VILONIA — The Vilonia Ministerial Alliance is making plans to serve as the nucleus of a long-term recovery team helping those in need.

An informational meeting was held Monday night at the Vilonia Methodist Church with 20 or so in attendance including pastors, church members and representatives of several organizations. There were also a few tornado victims present.

The purpose of forming a recovery team, according to the Rev. Belinda Price, who introduced the project to the audience, is to take care of the people who still have needs and no means of getting help.  

"The city can’t keep doing it forever," Price said. "This is so people won’t get lost and fall through the cracks." 

There was talk of writing bylaws, mission statements and training. From the long-term recovery team, it was said, other committees may be formed with a variety of duties. Some will train as case workers, going door to door, making assessments. Others will take the lead in handling labor, materials, grant writing and funding sources. 

The meeting also allowed organizations to share information as well they offered a helping hand. Repeatedly, speakers said to the group "you are not in this by yourself."

Janet Tyree of FEMA touted the benefits of forming the recovery team. It’s a team, she said, that’s scope can be far reaching — beyond tornado relief. It could help, she said, with any other potential disaster such as house fires.  

While FEMA doesn’t monetarily fund such projects, she pledged her support in the form of providing resource materials and referrals. The Disaster Recovery Center in Vilonia, she said, will be closing soon.  When the center closes, she reminded, that victims may continue to apply for assistance by calling 1-800-621-3362. 

She also touched on victims’ privacy rights and ways to apply for financial aid from FEMA.

"You must have a plan," she said. 

She also talked about those making appeals.

"If you are going to write an appeal make it matter of fact," she said. "Don’t write from your heart. We need to know your plan."

Representatives from Catholic Charities were in attendance including Rod Scott. His organization, he said, is not "Johnny on the spot," following a tragedy but instead focuses on "bridging the transition between immediate recovery and long term recovery." 

They also have a case management program in place. Currently, he said, they have obligated to work with 51 families in the Vilonia/Black Oak Ranch area helping to put together long term recovery plans.

"Many have no idea of the resources available to them," Scott said. "There are all sorts of situations you can help with. You can be a resource and help them navigate what can be a difficult system."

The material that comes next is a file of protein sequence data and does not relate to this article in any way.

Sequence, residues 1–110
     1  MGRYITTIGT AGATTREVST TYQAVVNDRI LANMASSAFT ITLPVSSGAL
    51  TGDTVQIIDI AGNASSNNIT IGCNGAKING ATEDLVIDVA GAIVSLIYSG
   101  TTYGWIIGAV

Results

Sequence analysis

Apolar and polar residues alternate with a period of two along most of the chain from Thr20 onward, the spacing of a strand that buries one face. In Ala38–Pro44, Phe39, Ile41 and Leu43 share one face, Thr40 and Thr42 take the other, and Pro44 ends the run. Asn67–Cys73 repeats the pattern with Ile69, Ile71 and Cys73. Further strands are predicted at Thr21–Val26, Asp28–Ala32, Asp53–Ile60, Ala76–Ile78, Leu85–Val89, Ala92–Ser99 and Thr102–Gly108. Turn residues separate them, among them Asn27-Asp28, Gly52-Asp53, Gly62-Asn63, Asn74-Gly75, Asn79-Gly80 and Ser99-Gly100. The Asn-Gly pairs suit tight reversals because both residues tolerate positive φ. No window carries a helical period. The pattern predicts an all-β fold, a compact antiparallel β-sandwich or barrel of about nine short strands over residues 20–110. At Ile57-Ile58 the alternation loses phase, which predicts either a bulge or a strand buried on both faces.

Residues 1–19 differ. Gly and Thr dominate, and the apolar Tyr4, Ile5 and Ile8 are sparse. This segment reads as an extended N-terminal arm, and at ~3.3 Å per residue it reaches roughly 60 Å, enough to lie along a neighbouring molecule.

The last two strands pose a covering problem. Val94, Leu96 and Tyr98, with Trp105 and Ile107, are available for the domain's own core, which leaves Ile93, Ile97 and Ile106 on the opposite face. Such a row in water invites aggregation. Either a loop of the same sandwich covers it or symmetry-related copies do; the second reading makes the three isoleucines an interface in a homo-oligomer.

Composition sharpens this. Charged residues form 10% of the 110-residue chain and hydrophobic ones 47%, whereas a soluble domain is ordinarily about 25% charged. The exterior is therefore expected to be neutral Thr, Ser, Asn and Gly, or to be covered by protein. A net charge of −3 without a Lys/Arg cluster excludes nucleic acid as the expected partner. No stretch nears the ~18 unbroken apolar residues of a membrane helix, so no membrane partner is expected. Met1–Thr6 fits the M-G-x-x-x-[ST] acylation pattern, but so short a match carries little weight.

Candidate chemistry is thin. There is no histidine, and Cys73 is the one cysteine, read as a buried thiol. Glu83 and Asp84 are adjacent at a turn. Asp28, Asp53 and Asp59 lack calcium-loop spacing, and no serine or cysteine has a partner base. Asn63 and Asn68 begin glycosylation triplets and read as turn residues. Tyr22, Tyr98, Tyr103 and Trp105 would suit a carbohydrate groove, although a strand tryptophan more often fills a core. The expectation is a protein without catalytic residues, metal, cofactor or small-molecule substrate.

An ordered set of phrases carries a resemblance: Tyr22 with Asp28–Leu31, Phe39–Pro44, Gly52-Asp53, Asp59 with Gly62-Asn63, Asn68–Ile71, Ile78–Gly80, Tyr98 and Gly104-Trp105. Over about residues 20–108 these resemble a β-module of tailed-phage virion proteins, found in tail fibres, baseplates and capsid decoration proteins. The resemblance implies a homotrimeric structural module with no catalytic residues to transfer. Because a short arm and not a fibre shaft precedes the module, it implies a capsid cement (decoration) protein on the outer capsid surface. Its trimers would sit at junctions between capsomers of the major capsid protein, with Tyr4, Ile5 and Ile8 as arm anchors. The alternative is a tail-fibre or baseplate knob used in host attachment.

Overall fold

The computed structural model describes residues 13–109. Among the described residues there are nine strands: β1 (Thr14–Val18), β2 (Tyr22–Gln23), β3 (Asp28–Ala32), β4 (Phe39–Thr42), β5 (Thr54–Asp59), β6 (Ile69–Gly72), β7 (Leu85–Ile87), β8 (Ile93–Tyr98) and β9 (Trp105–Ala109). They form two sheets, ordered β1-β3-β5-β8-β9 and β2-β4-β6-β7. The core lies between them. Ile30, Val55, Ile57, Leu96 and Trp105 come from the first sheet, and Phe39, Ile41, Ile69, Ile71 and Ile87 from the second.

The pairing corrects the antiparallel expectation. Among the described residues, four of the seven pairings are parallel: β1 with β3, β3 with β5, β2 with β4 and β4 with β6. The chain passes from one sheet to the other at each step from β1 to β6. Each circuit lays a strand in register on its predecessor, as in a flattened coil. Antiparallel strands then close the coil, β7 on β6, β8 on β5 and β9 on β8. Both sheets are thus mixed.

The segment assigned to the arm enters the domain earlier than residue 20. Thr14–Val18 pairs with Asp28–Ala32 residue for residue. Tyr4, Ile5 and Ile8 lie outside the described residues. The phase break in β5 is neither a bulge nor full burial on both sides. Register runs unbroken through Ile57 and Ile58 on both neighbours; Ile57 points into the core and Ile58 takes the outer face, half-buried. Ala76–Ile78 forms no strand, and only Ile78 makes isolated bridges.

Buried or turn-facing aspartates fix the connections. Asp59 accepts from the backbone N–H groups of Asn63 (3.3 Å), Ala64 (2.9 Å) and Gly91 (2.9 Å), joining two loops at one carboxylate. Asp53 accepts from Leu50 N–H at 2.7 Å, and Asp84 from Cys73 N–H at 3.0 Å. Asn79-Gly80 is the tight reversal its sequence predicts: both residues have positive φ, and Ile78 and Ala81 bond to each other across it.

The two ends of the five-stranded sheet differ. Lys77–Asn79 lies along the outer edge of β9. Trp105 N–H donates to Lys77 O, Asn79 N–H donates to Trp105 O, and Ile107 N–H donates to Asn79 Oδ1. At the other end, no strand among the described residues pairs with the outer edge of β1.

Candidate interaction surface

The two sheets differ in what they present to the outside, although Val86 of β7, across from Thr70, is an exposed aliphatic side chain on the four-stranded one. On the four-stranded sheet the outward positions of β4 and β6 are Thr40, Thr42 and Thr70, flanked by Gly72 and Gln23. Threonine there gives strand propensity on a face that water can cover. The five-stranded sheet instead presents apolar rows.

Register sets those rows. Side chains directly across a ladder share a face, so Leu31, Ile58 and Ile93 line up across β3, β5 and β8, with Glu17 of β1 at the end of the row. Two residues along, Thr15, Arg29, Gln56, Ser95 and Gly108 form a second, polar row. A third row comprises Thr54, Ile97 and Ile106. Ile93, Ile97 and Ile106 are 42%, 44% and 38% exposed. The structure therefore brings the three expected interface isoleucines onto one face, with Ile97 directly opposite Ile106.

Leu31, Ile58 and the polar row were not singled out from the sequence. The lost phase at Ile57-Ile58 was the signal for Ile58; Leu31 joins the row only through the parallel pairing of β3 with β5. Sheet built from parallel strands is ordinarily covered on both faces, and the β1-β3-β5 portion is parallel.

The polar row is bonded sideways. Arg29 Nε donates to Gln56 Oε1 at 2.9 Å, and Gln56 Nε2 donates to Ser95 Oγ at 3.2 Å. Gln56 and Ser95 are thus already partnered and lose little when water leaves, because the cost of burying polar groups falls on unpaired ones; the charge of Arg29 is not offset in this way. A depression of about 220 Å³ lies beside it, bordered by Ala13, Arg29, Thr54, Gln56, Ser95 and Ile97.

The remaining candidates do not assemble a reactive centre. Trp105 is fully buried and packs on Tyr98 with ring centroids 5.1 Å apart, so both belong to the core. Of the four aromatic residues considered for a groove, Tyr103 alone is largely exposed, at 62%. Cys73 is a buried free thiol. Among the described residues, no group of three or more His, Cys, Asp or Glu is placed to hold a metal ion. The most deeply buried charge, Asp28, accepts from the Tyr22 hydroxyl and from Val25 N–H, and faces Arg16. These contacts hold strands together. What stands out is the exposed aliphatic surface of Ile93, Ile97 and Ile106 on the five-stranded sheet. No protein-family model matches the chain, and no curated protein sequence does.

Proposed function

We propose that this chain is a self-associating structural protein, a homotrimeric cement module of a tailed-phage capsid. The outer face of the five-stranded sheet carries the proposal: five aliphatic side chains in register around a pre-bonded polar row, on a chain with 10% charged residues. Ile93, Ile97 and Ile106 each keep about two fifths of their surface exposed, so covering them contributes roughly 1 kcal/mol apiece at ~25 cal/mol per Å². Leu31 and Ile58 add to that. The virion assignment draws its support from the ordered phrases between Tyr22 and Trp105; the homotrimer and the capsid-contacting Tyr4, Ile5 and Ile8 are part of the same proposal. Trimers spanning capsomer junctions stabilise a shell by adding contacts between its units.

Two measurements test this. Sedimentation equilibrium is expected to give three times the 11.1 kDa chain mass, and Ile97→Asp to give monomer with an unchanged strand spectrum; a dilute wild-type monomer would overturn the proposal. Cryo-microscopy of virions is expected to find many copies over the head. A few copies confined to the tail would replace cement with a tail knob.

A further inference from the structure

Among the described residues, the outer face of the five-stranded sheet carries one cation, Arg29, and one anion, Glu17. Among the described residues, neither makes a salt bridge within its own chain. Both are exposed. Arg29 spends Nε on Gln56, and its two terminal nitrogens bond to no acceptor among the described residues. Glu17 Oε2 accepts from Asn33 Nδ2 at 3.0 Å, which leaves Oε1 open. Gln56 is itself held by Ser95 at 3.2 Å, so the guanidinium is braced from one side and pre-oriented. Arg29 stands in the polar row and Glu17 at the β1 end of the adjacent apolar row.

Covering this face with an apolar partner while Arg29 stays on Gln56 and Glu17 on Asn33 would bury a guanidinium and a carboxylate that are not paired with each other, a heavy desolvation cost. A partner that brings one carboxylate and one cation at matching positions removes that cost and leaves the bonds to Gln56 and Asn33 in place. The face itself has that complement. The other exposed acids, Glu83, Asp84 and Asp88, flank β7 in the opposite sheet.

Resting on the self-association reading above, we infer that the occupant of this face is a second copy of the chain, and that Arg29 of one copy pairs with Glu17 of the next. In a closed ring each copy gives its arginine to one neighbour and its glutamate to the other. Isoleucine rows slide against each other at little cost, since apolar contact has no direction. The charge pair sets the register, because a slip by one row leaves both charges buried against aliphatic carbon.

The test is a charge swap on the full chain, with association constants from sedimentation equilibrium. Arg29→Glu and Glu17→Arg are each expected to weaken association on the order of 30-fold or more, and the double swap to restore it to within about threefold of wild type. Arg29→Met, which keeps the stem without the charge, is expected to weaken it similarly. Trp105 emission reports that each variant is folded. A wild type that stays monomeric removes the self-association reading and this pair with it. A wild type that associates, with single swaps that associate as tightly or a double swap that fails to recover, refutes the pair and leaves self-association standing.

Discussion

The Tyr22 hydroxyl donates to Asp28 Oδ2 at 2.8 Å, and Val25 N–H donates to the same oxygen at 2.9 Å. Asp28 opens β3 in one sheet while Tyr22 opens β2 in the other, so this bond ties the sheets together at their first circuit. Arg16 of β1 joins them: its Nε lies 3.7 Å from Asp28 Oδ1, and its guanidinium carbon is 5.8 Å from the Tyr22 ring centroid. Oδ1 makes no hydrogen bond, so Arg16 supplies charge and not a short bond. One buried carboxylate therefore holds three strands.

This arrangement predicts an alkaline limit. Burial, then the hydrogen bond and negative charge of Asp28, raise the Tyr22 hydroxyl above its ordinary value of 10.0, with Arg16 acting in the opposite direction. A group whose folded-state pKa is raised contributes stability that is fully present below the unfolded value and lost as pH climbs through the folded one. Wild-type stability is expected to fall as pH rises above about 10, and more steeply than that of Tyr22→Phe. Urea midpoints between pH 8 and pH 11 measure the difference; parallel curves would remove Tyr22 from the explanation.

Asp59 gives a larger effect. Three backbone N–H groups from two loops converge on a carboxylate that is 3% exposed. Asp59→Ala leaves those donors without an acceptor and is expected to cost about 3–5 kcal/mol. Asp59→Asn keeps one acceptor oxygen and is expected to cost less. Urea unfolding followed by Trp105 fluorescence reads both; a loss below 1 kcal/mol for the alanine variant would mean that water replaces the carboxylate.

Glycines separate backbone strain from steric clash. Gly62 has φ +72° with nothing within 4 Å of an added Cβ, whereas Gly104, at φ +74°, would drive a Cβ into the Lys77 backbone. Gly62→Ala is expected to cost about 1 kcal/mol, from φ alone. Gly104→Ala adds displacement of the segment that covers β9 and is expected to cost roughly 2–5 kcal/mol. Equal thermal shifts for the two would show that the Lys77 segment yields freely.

Long-term recovery teams must commit to helping families "months — sometimes years," he said. "It takes a lot of time and effort." 

On that same note, he said, the Catholic Charities could be counted on for some financial assistance.

James Anderson of the Presbyterian Disaster Assistance also addressed the meeting. He talked briefly about a Mena team. That team, he said, is a "success story" and would be an excellent resource for a team in the beginning stages such as Vilonia. He also said he has a grant request earmarked to help support the Vilonia team.

Debbie Martin, safety officer with the Vilonia Fire Department, updated the group concerning measures that are in place. She said she has canvassed door to door in all of the tornado hit areas and has a list of needs. A warehouse at 102 William J. Clark Drive in Conway, she said, is being used for housing donated items. Items that have been donated and housed there include clothing, mattresses, clothing and bottled water. A critical need, she said, is for volunteers.

The meeting ended with the Ministerial Alliance agreeing to spearhead the team project.

Tuesday morning, FEMA officials confirmed that 697 families in Faulkner County have registered for assistance. FEMA has assisted 673 families in Faulkner County with housing, awarded $171,000 for personal property and funeral assistance, paid out $1.3 million for housing and paid out $30,200 each in maximum grants to 13 families. 

Also, FEMA officials said they are aware local and state officials are meeting concerning repair of infrastructure. However, no money has been awarded as of yet for that purpose.